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Your Weekend Playlist, Courtesy of Matty Matheson

Matty Matheson is a man of many talents; from singing to cheffing, to throwing a music festival with Wu-Tang clan to being one of New York Time’s Best-Selling authors. The previous Viceland star has a pile of new content up his sleeves; this week he dropped the first episode of his 12-part series Just A Dash. While he was in New York for the premiere, we met up for lunch at Café Altro Paradiso to chat about what he’s got in the works (spoiler alert: a new restaurant, a tradewear brand, and lots n lots of videos.) That’s not all, he also curated the greatest playlist of all time…so take a listen:

So why are we here, at this restaurant? 

We’re at Café Altro Paradiso because it has delicious food. It’s one of my favorite restaurants in the city, and I love Ignacio [Mattos]. It’s delicious and I’m trying to get a free meal at my favorite restaurant.

Let’s talk about the things we ordered.

We ordered a burrata, an amazing burrata dish that has all these kind of like fruits and stuff in it. It’s amazing. This fennel salad is like the greatest fennel salad you’ll ever have in your life. Everything they make here is just top quality and really beautiful. They make it really easy for you to love this place. 

Now let’s dive right in…Matty Fest. Tell me all about it. 

Matty Fest…greatest food and music festival that’s ever been made and/or created. It was really cool because we did it one time, and it was the best. I think we are going to learn a few things obviously, how to do things better…but starting off being number one, and the greatest success has been a very interesting learning curve…once again, like most things I do, it’s an absolute hit. We are our biggest critic, so it’s just going to be bigger and better next year.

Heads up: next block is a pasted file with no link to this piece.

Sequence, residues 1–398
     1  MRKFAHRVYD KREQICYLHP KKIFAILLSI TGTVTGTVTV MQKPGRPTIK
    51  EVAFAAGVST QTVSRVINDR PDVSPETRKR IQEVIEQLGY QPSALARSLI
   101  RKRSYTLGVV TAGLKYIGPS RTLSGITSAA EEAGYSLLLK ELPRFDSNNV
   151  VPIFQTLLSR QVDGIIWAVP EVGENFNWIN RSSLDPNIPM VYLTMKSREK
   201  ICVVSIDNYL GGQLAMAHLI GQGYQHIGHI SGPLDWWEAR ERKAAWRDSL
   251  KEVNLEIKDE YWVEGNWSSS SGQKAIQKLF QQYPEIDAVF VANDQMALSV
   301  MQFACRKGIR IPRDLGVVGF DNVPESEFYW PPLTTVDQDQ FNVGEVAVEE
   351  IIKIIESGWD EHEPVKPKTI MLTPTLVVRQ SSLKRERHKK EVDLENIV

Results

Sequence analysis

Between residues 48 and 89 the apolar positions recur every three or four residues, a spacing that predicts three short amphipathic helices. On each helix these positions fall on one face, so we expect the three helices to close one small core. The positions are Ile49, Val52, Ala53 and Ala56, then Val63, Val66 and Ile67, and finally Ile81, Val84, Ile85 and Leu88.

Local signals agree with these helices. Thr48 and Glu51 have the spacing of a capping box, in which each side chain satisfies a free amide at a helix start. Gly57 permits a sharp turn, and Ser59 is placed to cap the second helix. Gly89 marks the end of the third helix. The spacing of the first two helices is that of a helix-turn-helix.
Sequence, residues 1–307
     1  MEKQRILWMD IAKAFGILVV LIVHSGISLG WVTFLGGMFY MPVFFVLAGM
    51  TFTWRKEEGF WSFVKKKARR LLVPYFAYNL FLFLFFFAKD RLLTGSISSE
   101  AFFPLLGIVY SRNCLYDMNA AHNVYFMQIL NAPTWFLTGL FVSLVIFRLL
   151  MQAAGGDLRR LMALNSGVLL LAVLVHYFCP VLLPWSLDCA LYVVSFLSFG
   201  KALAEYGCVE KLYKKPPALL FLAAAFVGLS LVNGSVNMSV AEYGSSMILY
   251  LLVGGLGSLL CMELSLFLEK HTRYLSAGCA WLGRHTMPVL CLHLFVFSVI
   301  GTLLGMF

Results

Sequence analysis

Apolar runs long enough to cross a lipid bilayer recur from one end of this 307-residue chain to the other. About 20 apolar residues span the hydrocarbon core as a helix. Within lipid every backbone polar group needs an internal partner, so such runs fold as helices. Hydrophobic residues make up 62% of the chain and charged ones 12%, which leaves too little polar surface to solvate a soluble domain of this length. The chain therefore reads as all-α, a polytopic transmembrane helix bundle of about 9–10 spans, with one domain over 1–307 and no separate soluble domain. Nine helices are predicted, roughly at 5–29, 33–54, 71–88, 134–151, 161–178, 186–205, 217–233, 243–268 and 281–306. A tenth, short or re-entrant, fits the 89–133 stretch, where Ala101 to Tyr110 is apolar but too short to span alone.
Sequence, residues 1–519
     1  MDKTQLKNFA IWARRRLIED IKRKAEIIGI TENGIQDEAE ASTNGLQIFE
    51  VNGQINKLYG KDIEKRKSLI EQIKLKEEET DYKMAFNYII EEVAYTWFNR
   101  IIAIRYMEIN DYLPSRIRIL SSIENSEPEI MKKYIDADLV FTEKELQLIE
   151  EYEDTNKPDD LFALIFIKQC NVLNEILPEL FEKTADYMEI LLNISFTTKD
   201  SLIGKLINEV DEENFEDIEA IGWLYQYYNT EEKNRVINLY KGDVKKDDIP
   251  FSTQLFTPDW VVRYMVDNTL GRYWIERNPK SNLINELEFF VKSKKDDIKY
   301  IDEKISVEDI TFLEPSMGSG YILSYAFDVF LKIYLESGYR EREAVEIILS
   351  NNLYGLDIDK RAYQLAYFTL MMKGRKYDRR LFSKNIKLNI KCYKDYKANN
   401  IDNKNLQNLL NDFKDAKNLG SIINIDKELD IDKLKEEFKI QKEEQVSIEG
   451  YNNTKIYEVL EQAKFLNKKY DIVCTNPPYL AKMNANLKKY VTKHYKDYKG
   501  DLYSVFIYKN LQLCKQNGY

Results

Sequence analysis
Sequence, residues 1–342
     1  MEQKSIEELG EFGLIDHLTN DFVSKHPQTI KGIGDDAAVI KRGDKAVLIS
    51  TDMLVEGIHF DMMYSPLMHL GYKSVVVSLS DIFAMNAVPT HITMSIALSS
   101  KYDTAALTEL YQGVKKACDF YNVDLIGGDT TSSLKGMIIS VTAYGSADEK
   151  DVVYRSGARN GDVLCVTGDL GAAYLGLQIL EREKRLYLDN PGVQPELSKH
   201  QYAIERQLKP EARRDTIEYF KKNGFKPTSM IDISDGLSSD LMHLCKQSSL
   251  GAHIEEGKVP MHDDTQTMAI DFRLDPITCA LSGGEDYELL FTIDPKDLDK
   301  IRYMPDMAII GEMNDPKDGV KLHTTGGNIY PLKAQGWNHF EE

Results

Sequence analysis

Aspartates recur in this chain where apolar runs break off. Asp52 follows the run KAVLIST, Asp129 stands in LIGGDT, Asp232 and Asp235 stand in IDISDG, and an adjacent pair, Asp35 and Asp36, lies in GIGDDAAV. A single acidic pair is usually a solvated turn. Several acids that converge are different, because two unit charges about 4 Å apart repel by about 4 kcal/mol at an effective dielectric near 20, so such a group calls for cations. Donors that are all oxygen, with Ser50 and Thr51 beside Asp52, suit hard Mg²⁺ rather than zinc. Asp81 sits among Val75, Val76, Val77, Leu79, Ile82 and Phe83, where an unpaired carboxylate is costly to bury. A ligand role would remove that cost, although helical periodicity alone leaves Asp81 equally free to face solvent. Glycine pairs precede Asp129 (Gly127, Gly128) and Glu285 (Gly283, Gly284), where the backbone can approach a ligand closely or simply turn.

I just wanted to have a festival that serves actual restaurant-quality food and not make it about Instagramable bullshit, like ooey-gooey, stupid cliche festival food. There’s just a guy making hand-rolled raviolis. We were serving hand-made cheeseburgers, people were serving freshly fried focaccia with shaved mortadella on it. We were serving top quality food. I think people need that more now more than ever; it’s just more real, and I think in the world that we live in right now, it’s just so chaotic and so messy that we don’t need to add the bullshit. 

Matty Fest was the perfect collab of music and food – why did you choose the musicians that you did? Wu-Tang headlined!